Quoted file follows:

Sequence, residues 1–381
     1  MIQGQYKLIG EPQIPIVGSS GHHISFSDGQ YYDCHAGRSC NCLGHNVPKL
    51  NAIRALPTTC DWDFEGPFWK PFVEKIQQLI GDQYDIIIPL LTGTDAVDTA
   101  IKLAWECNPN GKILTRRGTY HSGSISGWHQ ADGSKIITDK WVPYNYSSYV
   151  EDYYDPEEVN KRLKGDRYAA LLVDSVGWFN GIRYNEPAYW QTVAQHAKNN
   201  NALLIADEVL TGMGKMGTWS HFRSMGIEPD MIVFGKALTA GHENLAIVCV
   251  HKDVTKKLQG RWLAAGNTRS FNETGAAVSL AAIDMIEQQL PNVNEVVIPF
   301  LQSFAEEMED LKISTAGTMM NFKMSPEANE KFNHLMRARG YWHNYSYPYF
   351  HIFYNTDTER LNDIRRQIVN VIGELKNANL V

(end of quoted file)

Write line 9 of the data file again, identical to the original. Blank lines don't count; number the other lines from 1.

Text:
   351  HIFYNTDTER LNDIRRQIVN VIGELKNANL V